Georgias lawmakers got further acquainted this week with a part of their constituency that maybe they hadnt thought about too much before: the artists. Specifically, the pissed off, fiscally dismissed artists.
When arts organizations and supporters first learned last week that the Georgia House of Representatives proposed state budget for 2011 included the elimination of funds for the Georgia Council for the Arts, the response was immediate and impassioned. The past week has seen a rapid-fire series of oppositional movements, including a march of several hundred protesters to the Capitol on Monday complete with pithy signs, dancing, music, singing, speaking and generally colorful commotion-causing.
Tuesday morning, the Senate Appropriations Committee convened at the Capitol to further pore over the budget for the 2011 fiscal year. Having been subject to a hammering of phone calls, the takeover of their front stoop for an afternoon, and a petition of over 2,000 signatures, Senate budget leader Sen. Jack Hill (R-Reidsville) clearly took the public response seriously.
The modified proposed budget for 2011 now includes approximately $890,000 for the Georgia Council for the Arts, which also means matching federal funds from the National Endowment for the Arts in the same amount. And with that, the GCA effectively came back to life almost.
The 2011 budget is expected to go to a full Senate vote on Wednesday. After that, it has to be banged out with the House budget before the General Assembly ends on April 29.
Following the developments from the Senate Appropriations Committee meeting this morning at the capitol, Georgia Council for the Arts Executive Director Susan Weiner issued a response:
"Georgia Council for the Arts is thankful that the Georgia Senate Appropriations Committee has voted to include the Governor's recommendation in its budget. With the votes of the full Senate and the Conference Committee, Georgia will not lose its federal and regional funding. Though our State funding will be down 88% from fiscal year 2008, GCA can continue to support our highly productive nonprofit arts industry."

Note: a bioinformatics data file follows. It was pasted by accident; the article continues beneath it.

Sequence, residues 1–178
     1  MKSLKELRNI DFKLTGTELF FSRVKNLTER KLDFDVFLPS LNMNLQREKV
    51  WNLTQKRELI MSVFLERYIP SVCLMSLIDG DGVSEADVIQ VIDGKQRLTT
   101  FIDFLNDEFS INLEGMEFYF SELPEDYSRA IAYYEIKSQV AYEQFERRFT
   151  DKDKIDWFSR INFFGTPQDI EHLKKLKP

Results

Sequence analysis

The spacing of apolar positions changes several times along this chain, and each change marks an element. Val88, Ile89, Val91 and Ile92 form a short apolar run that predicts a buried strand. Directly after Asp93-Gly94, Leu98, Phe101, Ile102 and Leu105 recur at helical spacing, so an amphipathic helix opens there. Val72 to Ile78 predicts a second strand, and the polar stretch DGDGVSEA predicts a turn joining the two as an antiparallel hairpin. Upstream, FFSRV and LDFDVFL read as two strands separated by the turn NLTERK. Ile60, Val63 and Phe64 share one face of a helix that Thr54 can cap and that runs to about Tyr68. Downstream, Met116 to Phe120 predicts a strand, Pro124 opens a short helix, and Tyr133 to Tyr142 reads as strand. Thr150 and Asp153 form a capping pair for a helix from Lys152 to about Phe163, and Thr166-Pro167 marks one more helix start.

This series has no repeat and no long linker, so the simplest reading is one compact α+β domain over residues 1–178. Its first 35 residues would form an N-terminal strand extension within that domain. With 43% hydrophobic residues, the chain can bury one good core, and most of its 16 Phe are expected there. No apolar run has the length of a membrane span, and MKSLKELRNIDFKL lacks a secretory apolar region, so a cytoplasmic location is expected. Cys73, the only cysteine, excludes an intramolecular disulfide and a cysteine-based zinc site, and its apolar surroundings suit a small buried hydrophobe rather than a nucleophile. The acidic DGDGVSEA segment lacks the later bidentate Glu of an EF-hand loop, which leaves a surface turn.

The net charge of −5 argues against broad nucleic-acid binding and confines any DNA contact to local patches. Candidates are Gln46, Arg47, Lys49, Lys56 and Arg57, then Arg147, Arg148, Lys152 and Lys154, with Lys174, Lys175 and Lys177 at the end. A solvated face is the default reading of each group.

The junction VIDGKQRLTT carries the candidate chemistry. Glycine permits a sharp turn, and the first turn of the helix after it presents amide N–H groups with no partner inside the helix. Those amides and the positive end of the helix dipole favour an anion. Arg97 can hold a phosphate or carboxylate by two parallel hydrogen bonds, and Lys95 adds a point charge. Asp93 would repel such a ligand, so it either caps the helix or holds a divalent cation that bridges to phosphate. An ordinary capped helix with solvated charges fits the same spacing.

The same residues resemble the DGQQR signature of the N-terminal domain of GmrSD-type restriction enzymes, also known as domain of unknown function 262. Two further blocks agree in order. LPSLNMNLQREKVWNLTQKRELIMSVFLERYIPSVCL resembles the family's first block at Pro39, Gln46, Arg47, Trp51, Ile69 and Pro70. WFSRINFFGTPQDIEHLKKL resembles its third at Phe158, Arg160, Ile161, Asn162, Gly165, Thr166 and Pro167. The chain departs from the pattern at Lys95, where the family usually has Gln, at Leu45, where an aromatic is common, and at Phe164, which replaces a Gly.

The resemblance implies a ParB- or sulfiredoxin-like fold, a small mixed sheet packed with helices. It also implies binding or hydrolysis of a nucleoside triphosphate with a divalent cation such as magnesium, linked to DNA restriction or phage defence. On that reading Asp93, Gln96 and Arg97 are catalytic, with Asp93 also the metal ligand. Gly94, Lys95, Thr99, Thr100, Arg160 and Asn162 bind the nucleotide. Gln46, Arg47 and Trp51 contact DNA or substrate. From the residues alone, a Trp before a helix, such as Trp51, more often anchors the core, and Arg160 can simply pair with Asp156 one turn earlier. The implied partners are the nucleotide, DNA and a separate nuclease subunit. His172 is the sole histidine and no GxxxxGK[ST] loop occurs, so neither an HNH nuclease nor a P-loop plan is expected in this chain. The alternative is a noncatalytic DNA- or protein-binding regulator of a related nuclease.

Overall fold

In 2008, the GCAs budget was nearly $4 million. That amount shrank to little over $2 million last year. Even with matched funds from the NEA, Georgias nonprofit arts funding agency will be functioning with less than $1.8 million in 2011. The council has already cut four out of five programs and seven of 12 employees.
It seems the Georgia Council for the Arts seems to be operating on the Hanukkah Theory of budgeting making one nights worth of money last for 12 months (yes, I just made that up, and no, I dont care if you send me knee-jerk emails telling me how offended you are. I like it. I like candles. And Jews. The analogy stays.) If you speak with anyone in the GCA office this week, the sense of exhaustion, urgency and resolve is noticeably present.
Many supporters of the GCA, while recognizing the relative victory (or at least moment of easing of the sky is falling sentiments of the past week) of Tuesdays budgetary development, arent entirely satisfied, since the result is still the GCA attempting to run on a meager allowance.
Others hold that, for now at least, any news is good news: An entity that exists can be freshly funded and expanded. An entity that does not exist cannot, says Art Papers Editor-at-Large and Atlanta arts veteran Jerry Cullum.
Facing a fiscal downslide even more precipitous than last years, Georgias House of Representatives had to keep the cuts coming and the GCA was one of the casualties, a decision that stirred financial tension that was already palpable within the arts community. Most of Georgias arts organizations have been feeling the pocket pinch for years; fewer and smaller grants, decreased patronage (and generally poorer patrons), and rising overhead costs. And in that atmosphere of fiscal freak-out, all victories are worth celebrating.
Metropolitan Public Art Coalition Board Co-Chair David Hamilton sees the real mark of this movement as the vocalization and actually tangible impact of Georgias arts constituency:
These ideas represent potential sea change in arts support locally and state-wide the best thing to come of this whole episode may be the show of strength that the arts community demonstrated to the State Legislature many representatives and senators have gone from zero awareness to understanding that there actually is a constituency for art That may have a lasting effect if we keep it up.
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